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Idaho Legislature Works Toward Adjournment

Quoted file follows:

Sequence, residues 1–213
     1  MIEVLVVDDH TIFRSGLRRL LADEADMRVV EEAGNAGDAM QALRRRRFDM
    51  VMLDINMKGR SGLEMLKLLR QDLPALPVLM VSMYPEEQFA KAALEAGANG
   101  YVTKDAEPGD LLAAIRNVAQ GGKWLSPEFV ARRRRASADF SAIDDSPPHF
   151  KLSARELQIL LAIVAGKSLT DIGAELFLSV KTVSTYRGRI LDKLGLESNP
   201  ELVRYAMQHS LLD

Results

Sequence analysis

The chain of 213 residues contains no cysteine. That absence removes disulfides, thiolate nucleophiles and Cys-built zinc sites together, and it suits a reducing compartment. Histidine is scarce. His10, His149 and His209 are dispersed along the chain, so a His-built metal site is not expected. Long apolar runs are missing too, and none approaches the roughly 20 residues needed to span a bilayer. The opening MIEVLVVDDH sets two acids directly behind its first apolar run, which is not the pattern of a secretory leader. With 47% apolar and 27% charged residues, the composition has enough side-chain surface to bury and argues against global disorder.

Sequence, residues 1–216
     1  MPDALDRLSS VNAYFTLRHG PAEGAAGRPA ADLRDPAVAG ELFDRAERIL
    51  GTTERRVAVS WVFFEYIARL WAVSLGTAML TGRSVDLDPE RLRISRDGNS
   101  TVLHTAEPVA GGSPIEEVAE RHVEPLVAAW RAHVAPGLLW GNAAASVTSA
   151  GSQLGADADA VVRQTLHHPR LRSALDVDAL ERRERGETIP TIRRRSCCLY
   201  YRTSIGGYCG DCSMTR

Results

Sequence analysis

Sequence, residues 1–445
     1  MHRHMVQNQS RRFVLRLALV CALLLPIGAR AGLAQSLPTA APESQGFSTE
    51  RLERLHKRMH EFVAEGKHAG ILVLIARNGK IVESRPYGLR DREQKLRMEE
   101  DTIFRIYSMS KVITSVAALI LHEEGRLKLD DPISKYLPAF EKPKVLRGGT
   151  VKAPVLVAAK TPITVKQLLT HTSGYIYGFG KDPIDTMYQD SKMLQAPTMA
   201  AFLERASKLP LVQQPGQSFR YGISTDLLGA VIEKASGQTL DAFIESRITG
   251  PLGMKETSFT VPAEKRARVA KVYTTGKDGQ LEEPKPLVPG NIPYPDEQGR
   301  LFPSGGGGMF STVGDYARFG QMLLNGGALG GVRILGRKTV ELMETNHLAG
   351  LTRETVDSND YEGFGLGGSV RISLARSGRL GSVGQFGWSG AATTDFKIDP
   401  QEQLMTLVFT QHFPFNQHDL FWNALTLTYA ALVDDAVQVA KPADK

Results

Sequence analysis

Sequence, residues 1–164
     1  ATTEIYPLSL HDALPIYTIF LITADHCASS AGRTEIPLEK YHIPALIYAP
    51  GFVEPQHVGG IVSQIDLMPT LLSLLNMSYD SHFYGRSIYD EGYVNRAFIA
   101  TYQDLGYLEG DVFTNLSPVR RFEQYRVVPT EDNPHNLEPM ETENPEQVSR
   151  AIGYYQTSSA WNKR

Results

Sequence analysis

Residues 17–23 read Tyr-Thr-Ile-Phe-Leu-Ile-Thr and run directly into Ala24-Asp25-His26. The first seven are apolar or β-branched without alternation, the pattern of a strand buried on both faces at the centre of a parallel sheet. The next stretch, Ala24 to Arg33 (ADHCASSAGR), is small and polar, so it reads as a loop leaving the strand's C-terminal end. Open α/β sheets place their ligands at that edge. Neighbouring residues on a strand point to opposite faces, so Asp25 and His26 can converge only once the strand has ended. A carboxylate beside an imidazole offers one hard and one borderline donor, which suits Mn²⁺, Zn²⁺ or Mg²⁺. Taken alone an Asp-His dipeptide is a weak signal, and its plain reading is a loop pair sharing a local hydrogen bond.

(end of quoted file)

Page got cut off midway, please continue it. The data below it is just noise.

With “sine die,” the end of the Idaho legislative session possibly coming as quickly as early next week, there is a flurry of activity at the Statehouse as numerous bills are making their way to the governor’s desk or the dustbin.  Boise Rep. Julie Ellsworth said she worked all session to convince enough of her colleagues to pass a texting while driving ban.  After years of similar legislation failing, this year the ban is headed to the Senate for approval of amendments.  One of those removes an exemption for law enforcement. Sponsors expect it to pass, after which it would head to the governor’s desk.  Already headed to the governor’s desk this week is a bill that would lift restrictions on investment in microbreweries. Also waiting for Otter’s signature is a measure that would list hunting as a constitutional right in Idaho. Meanwhile on Thursday, a Senate committee killed a bill that would keep anyone under 15 from using tanning salons, and require parental consent for teens between 16 and 18.  Also, a proposed amendment that would require two-thirds support from the House and Senate on fee or tax hikes failed. It didn’t meet its own two-thirds majority in the House in order to make it on the 2012 ballot.  A bill that would’ve fined companies for not reporting hiring or rehiring of employees, information the Department of Labor says it needs to prevent people continuing to collect as much as $5 million in fraudulent benefits annually, passed the House by just two votes Thursday. It was headed to the governor, and then it wasn’t, as Rep. Scott Bedke (R – Oakley) moved for reconsideration of the bill.  The assistant majority leader originally supported the measure, but then said a reward system may work better than fines.  Other bills could just be running out of time to make it through the Legislature. A measure that would ignore daylight savings time hasn’t even had a committee hearing scheduled yet.  Also, the controversial ultrasound mandate has yet to be scheduled for a committee hearing in the House.  While no official date has been set for sine die, most lawmakers say it will likely happen early to middle of next week.

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